New Arundel Bypass route for A27 is revealed
The route for the proposed Arundel Bypass has been revealed.
The plans for the bypass on the A27 were announced this morning (October 15) by Highways England, following a consultation last year.
The new preferred route – the grey option 5BV1, put forward at last year’s further consultation – 'strikes the right balance between creating vital new road capacity and protecting the special environment and cultural heritage in and around Arundel', Highways England said.
The new preferred route for the A27 Arundel bypass sweeps south of the South Downs national park and includes a new dual carriageway between Crossbush in the East and a new junction near Tye Lane in the west.
Environmental campaigners have been highly critical of the plans for a bypass, and residents of Walberton and Binsted have also opposed the scheme.
Six options were put to the public for views between August and October last year. More than 1,600 people attended the 2019 consultation exhibitions and 5,058 responses were received. Two-thirds (67%) of respondents supported the need to improve the A27 around Arundel, Highways England said.
Today’s announcement 'considers feedback made during the further consultation and further review periods', it claimed.
In a statement, a spokesman said: "The A27 at Arundel is a regular traffic bottleneck, with 21,000 journeys made each day. The plans unveiled today will not only ease congestion on this busy stretch, which will get worse if nothing is done, but will also make the road safer and reduce the number of collisions.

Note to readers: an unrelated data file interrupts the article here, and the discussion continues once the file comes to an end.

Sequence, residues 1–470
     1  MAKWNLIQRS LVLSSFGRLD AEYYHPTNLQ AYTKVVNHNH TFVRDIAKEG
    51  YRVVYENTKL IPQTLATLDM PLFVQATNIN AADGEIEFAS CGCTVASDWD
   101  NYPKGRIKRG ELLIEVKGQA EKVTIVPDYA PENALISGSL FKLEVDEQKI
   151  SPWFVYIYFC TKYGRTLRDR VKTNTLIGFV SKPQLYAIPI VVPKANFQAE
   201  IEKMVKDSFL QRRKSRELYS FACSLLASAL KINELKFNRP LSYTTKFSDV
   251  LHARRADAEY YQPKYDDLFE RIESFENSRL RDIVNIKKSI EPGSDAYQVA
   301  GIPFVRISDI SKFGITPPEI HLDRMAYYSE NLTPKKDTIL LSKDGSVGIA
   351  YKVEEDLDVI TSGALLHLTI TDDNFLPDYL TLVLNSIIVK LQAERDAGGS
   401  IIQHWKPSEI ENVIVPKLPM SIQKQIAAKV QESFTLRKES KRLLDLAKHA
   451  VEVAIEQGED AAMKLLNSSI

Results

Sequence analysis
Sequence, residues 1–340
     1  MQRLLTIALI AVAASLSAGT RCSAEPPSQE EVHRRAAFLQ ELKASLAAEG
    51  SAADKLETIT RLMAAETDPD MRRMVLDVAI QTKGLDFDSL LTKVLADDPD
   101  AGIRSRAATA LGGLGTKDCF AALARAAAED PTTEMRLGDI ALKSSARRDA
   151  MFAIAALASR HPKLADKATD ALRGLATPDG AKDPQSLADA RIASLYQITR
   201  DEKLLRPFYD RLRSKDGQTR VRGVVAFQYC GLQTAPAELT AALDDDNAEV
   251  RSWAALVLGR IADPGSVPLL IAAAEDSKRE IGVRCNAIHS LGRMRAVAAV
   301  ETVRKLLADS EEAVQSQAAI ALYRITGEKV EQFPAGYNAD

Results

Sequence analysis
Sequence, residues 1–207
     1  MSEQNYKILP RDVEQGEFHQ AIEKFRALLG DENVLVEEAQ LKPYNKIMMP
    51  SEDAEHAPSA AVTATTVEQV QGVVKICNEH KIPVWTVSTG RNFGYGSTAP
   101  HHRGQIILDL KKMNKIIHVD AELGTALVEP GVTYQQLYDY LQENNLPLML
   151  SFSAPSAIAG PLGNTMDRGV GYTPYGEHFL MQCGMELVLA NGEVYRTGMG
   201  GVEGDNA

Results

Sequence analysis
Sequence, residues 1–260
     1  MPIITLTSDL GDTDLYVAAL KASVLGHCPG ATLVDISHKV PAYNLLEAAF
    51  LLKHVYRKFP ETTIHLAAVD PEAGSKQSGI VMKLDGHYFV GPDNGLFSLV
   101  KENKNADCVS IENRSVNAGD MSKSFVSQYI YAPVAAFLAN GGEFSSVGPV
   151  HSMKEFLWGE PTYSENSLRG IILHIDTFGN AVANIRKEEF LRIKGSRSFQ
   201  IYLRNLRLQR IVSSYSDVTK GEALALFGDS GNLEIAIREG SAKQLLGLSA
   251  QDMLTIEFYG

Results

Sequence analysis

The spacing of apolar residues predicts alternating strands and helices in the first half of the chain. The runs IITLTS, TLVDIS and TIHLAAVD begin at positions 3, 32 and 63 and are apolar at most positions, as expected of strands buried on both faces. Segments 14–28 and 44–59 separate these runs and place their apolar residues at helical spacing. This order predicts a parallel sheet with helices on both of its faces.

"The plans include a new five-mile dual carriageway which will draw traffic away from Arundel and reduce rat-running on minor roads through the national park. Highways England have been working hard on the plans, taking into account feedback received from the public and other stakeholders, over the last 12 months. The new bypass will complete a missing link in the A27, the only major east to west route south of the M25, and avoids the South Downs national park completely."
Highways England Chief Executive Jim O’Sullivan said: “The A27 is the only strategic east west route south of the M25. This new road removes the traffic from the centre of Arundel and provides faster more reliable journey times for users of this important road.
“We will continue to work with communities and local groups to further develop the project’s design, so we can deliver a scheme that has as little impact as possible on the special environment and local people in and around Arundel.”
Transport Secretary Grant Shapps said: “As a Government, we’re committed to improve transport infrastructure across the country. Today’s announcement is an important one, with another step being taken to delivering benefits in the region through what is now a long-overdue scheme.”
According to Highways England, the bypass will:
Make journeys safer - the A27 at Arundel has an above average collision rate. In the five-year period 1 January 2013-31 December 2017, 81 personal injury collisions, resulting in 121 casualties, were recorded between Crossbush junction to the east and the Fontwell (East) junction to the west.
Reduce congestion – the existing A27 through Arundel is operating at up to 150% capacity, with around 21,000 vehicles using the A27 through on a daily basis, this is predicted to increase to 26,300 by 2041.
Support economic growth – businesses across the region will benefit from efficiencies and improved journey times, while the additional capacity will enable the authorities to better manage population growth.
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